Not all who wander are lost, but usually I am

PicMonkey Alice

I come from a mixed marriage.  My mother had unerring directional instincts.  Plop her down in the middle of nowhere and she could find her way out.  This was a very good thing since she was a botanist and was always out looking for elusive wild flowers.  (I was a complete embarrassment to her since on her wildflower trips with her colleagues or students I only wanted to look for frogs and frog eggs).  On the other hand, my father only knew two directions, up and down.  Oh, and left and right, so I guess he really did know the four major directions.  His directions went, “Go out of town, turn right at Dewy Dean’s house (Dewy hadn’t lived there in years).  Go down the road and turn right where the mules are.  Then keep going until you get to the road with the cattle guard and turn into it.  If you hit the slough bridge, you went too far.”  Guess who I take after.  I may look like I know where I am going, but in reality, it’s all show no substance.

I blame it all on grade school.  There was always a big map of the United States on the classroom walls and west was to my left, east on my right.  If I looked up that was north (therefore I always face north) and south was down.  (The only way I can remember that California is on the west coast is California is on the left side of the map and “Go west young man, go west” refers to going to California.  New York is on the east coast because it is opposite of California.)  Nort actually told me when I was helping him on the car the other day, “no, no, a little more west.”  I must say, we both had a good laugh over that one.

I was talking to my sister a few weeks ago when we were taking The Precious Child to see Nort’s mom and meet up with Amanda.  We have a certain route to Arkansas and as we were approaching our turn off, the whole lane and turn off was blocked for construction.  I said something to Laura about how were we going to get to Arkansas.  She said, well you do know the way.  And then laughed because she assumed we would get lost even though we had been traveling this route for eleven years now.  Yes, I have that kind of history.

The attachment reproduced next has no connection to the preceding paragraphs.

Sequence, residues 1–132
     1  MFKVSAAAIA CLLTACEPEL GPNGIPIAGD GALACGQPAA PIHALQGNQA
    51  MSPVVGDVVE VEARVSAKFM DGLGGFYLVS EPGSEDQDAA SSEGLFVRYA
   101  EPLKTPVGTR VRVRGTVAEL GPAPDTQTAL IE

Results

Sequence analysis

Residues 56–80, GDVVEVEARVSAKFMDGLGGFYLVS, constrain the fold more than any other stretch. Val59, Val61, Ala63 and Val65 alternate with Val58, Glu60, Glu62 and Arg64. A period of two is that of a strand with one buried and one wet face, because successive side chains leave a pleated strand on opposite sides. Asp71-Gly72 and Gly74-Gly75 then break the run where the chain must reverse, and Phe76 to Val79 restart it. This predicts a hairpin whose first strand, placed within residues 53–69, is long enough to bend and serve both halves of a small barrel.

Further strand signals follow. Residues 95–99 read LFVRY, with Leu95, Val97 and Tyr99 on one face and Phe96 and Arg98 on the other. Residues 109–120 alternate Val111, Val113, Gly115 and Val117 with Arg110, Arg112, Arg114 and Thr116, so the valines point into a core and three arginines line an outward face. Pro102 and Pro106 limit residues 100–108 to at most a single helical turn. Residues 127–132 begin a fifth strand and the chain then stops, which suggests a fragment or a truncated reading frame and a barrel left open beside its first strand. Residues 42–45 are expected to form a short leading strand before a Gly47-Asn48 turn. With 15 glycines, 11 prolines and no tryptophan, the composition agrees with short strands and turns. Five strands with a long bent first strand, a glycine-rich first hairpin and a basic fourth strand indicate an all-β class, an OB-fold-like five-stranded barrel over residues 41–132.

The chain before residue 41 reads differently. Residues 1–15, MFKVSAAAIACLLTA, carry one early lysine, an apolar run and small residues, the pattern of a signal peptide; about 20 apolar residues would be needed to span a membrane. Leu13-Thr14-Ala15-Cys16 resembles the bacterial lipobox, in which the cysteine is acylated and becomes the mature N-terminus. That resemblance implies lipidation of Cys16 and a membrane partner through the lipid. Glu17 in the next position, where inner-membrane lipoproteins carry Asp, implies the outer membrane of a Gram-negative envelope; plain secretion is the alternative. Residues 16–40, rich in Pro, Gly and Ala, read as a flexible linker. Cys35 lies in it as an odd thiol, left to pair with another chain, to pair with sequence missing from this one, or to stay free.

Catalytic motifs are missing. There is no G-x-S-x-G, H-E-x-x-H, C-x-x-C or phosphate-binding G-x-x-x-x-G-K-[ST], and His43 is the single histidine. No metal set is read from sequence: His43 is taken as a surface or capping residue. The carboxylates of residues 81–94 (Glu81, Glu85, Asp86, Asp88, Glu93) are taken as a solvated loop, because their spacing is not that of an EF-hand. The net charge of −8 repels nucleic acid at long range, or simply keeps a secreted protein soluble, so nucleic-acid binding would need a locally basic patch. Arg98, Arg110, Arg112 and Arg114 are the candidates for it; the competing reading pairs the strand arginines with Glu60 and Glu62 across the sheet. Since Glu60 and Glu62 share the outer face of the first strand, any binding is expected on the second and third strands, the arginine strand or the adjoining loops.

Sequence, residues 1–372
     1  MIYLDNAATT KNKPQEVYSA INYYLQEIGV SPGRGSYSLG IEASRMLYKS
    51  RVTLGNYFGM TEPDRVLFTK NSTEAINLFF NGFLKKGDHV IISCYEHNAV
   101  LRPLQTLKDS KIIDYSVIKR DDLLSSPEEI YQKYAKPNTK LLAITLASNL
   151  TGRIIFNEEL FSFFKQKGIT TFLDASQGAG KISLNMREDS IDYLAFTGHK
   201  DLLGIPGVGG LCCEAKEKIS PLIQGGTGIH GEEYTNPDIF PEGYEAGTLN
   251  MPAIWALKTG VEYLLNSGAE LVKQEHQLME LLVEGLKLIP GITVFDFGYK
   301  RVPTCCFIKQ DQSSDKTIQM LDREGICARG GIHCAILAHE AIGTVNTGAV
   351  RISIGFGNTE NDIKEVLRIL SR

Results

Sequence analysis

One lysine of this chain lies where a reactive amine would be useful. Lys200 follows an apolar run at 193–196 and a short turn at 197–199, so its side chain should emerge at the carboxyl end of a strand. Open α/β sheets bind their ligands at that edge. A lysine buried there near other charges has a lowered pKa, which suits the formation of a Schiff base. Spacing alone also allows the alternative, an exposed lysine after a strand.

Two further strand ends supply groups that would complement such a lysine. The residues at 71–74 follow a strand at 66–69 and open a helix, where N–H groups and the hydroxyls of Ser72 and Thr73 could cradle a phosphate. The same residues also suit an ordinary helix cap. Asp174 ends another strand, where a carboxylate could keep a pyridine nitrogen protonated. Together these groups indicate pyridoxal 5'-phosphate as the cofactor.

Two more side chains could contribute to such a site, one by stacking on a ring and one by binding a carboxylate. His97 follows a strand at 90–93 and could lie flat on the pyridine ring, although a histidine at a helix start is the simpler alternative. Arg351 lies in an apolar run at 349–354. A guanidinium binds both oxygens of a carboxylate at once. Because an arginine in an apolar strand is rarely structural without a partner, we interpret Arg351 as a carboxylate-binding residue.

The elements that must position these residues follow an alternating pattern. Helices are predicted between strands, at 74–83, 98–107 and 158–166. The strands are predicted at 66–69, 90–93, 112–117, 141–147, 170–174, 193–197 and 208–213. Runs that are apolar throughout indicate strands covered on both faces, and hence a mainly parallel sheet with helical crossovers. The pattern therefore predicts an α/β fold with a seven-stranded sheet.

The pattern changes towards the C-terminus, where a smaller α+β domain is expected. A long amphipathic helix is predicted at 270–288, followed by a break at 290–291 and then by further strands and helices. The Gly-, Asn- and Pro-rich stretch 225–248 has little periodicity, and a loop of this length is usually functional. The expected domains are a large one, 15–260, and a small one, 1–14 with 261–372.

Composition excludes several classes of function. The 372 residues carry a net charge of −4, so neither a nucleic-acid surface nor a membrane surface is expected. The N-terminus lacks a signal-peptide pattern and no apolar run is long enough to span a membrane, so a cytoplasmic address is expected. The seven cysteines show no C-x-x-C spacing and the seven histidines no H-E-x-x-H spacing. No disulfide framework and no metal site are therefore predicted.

I have “skunk paths” that I always follow which is why not being able to get off on the right exit is a problem.  Skunk paths you say? A little known fact about skunks is that they are very nearsighted and have developed this sense that they follow a certain path on their nightly excursions.  This is one reason they get squashed so much.  If an object is put in their path, the poor little skunk will probably run into it.  Once.  Then the next time they run their path, they will make a detour around the obstacle and then resume the regular path.  We had a pet skunk, Daisy, and she would go tearing around the house in her little routine.  We would put something, usually a tissue box because we didn’t want to hurt her, in her path and pow! Smack dab into it.  Then on her next trip she would make the cutest little detour around the box and keep on trucking.  Hence, skunk paths.

I would like to say I only have one good story about getting lost, but in actuality, there are so many I will just have to pick the best ones.  There was the time I headed to Tyler, Texas and ended up in Dallas.  Or the time Bambi (she is as bad as me) and I attempted to get back to Fort Smith from somewhere in Oklahoma and ended up taking an extra two hours (but we did get to see a fence with cow skulls on each post and a tree full of cowboy boots).  And then there is the time I went to Jana’s (a place I had been many, many times) and managed to get lost in the fields, in the dark, in the rain and had to get a sharecrop family  to call Gary (way before cell phones) to come find me.